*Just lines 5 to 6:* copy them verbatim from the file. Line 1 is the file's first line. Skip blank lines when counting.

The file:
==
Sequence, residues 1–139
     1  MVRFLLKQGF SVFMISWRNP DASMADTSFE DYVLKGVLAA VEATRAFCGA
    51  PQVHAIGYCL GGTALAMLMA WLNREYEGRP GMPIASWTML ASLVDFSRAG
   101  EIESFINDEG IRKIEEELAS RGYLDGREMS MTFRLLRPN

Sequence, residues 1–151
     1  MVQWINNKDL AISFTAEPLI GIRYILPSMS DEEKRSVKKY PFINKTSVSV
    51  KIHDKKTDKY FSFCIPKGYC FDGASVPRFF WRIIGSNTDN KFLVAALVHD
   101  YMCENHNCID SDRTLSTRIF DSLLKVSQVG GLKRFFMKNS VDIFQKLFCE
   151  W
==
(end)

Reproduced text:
Sequence, residues 1–151
     1  MVQWINNKDL AISFTAEPLI GIRYILPSMS DEEKRSVKKY PFINKTSVSV